The Long Blondes - Someone To Drive You Home - Albums - Reviews - Soundblab

The Long Blondes - Someone To Drive You Home

by Luke Frost Rating: Release Date:

"Do nothing, eat your chocolate, drink your wine, she won't let you make your way across her empire line" singer Kate Jackson teases on 'Giddy Stratospheres'. And this sums up The Long Blondes.

Dubbed a Sheffield band because they met there, The Long Blondes confirm that Sheffield must be split into two very different halves. Where the Arctic Monkey's city consists of pints, prostitutes and pool, The Long Blondes occupy a glamorous world of wine, feminism and faded movie stars.

Someone To Drive You Home sets out its Blondie-inspired stall early on. Opening track 'Lust In The Movies' screeches into life and sees Jackson alternate between singing sultry verses in Queens' English to shouting a chorus line of stars that needs a Wikipedia translation.

Those who have heard the band will know 'Once And Never Again' which has been hitting dance floors as DJs battle it out to 'discover' the band first. The song is a sickly-sweet patronising pop lesson for young girls everywhere with the line "19, you're only 19 for God's sake, you don't need a boyfriend."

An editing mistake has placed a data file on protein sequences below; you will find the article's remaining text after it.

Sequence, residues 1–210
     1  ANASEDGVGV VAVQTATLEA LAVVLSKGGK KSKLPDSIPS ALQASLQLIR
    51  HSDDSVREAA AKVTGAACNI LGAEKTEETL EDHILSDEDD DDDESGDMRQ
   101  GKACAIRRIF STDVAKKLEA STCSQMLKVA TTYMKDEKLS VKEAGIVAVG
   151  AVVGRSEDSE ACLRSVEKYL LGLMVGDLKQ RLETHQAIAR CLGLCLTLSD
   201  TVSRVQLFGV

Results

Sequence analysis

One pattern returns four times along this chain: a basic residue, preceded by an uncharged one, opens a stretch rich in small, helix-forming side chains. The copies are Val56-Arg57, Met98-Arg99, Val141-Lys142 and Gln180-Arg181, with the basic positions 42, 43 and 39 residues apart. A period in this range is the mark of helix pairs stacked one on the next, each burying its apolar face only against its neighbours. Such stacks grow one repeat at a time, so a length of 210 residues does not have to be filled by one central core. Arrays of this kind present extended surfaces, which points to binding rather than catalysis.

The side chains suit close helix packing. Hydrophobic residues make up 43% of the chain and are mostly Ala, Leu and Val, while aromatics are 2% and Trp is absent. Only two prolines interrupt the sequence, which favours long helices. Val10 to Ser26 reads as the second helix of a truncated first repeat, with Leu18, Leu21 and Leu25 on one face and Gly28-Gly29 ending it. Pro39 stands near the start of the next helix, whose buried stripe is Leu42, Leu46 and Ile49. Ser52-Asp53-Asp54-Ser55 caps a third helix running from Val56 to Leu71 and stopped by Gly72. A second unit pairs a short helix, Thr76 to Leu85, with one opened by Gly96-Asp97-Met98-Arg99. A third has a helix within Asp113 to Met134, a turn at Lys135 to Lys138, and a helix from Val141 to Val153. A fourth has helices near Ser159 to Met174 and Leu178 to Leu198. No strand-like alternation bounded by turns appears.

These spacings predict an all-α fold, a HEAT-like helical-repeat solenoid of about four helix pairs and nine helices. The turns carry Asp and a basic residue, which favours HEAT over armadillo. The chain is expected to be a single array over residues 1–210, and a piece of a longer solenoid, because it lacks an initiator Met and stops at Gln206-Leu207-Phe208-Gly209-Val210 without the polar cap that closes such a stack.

And much of the album continues in the same way, with Jackson and co. teaching women and tempting men with lyrical wit, vintage Hollywood chic and a raft of references you'll pretend you knew all along.

'Giddy Stratospheres' is an album highlight and sees the best result of The Long Blondes disco combination of heavy bass topped with Jackson's glassy vocals. The song is understated, stylish and it simmers until Jackson's piercing chorus that despite sounding strained, will have you weak at the knees.

The slick production of the album helps maintain the bands effortless persona and thankfully it reins Jackson in enough to avoid too many fingernails-down-the-blackboard high notes.

This is shown best in the new versions of 'Separated By Motorways' and 'Weekend Without Makeup' that are souped up, speeded up and sure to please old and new fans alike.

Up until recently The Long Blondes were the coolest unknown band, reserved for a select few who could discuss them over glasses of gin and tonic and nibbles. Someone To Drive You Home is a confident sophisticated invite for the rest of us to join them in their glamorous world. And who could refuse an offer like that?

Luke Frost

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